Does pornography-blocking software block access to health information on the Internet?

JAMA. 2002 Dec 11;288(22):2887-94. doi: 10.1001/jama.288.22.2887.


Context: The Internet has become an important tool for finding health information, especially among adolescents. Many computers have software designed to block access to Internet pornography. Because pornography-blocking software cannot perfectly discriminate between pornographic and nonpornographic Web sites, such products may block access to health information sites, particularly those related to sexuality.

Objective: To quantify the extent to which pornography-blocking software used in schools and libraries limits access to health information Web sites.

Design and setting: In a simulation of adolescent Internet searching, we compiled search results from 24 health information searches (n = 3206) and 6 pornography searches (n = 781). We then classified the content of each site as either health information (n = 2467), pornography (n = 516), or other (n = 1004). We also compiled a list of top teen health information sites (n = 586). We then tested 6 blocking products commonly used in schools and libraries and 1 blocking product used on home computers, each at 2 or 3 levels of blocking restrictiveness.

Main outcome measure: Rates of health information and pornography blocking.

Results: At the least restrictive blocking setting, configured to block only pornography, the products blocked a mean of only 1.4% of health information sites. The differences between blocking products was small (range, 0.6%-2.3%). However, about 10% of health sites found using some search terms related to sexuality (eg, safe sex, condoms) and homosexuality (eg, gay) were blocked. The mean pornography blocking rate was 87% (range, 84%-90%). At moderate settings, the mean blocking rate was 5% for health information and 90% for pornography. At the most restrictive settings, health information blocking increased substantially (24%), but pornography blocking was only slightly higher (91%).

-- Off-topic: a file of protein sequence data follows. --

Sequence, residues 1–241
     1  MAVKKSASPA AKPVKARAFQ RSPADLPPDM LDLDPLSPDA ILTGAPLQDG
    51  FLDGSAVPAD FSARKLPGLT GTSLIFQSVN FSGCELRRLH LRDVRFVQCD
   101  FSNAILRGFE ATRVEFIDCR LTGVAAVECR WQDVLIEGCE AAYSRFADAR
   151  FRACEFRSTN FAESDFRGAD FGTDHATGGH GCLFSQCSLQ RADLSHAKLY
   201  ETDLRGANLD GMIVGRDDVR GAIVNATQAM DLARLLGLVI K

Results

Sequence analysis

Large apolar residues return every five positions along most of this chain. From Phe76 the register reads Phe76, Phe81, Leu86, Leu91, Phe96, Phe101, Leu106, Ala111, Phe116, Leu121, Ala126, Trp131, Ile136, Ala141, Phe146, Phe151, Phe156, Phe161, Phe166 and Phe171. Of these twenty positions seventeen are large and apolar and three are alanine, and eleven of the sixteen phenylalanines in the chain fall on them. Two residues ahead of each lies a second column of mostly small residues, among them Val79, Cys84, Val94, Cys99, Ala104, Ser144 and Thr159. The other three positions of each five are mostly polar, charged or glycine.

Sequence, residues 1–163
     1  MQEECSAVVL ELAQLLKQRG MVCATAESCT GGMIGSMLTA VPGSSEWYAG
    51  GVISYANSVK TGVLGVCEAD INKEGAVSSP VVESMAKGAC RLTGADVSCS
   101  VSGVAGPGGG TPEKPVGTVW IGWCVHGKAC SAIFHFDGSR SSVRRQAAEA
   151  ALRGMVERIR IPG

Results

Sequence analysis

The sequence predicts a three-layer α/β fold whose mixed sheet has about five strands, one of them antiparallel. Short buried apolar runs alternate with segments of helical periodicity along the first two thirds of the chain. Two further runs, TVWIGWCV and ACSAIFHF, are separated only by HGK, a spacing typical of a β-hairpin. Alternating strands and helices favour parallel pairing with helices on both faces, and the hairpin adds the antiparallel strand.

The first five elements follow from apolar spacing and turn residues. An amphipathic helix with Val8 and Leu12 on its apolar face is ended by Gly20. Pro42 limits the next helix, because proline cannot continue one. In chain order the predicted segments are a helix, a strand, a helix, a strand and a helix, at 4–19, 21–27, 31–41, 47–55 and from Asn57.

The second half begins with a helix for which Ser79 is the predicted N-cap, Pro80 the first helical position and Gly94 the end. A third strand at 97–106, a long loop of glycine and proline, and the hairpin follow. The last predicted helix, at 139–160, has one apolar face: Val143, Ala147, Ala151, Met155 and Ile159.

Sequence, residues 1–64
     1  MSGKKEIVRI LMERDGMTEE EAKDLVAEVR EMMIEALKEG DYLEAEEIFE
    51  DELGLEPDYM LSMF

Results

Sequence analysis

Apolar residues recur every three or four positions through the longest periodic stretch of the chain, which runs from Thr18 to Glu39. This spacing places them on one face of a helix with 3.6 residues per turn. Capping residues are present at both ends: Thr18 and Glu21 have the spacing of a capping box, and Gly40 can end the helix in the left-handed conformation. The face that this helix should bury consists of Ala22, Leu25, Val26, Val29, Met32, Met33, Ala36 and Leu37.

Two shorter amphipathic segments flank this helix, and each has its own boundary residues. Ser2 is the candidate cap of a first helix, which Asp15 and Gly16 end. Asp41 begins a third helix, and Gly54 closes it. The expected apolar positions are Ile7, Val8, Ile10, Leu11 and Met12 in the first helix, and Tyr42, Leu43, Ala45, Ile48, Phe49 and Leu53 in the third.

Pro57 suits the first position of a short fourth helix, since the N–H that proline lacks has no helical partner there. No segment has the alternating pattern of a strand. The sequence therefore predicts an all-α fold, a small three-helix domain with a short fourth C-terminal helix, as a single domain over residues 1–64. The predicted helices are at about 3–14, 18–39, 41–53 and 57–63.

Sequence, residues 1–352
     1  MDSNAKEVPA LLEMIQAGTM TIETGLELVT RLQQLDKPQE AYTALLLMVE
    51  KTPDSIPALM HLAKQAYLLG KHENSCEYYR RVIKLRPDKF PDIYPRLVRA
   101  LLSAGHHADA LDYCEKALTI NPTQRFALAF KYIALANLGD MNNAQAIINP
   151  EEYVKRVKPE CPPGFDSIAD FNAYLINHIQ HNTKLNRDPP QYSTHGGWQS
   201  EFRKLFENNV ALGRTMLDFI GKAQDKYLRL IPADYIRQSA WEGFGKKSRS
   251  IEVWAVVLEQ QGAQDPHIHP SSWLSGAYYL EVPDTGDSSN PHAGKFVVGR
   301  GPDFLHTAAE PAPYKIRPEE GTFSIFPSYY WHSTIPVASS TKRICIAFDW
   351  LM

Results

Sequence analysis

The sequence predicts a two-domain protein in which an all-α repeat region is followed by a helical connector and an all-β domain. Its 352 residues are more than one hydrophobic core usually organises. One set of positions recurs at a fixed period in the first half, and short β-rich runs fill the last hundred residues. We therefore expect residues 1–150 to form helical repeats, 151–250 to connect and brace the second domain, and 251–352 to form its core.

Conclusions: Blocking settings have a greater impact than choice of blocking product on frequency of health information blocking. At their least restrictive settings, overblocking of general health information poses a relatively minor impediment. However, searches on some terms related to sexuality led to substantially more health information blocking. More restrictive blocking configurations blocked pornography only slightly more, but substantially increased blocking of health information sites.

Publication types

  • Research Support, Non-U.S. Gov't

MeSH terms

  • Access to Information
  • Adolescent
  • Computer Simulation
  • Erotica*
  • Health Education*
  • Humans
  • Internet*
  • Medical Informatics*
  • Security Measures
  • Sexuality
  • Software*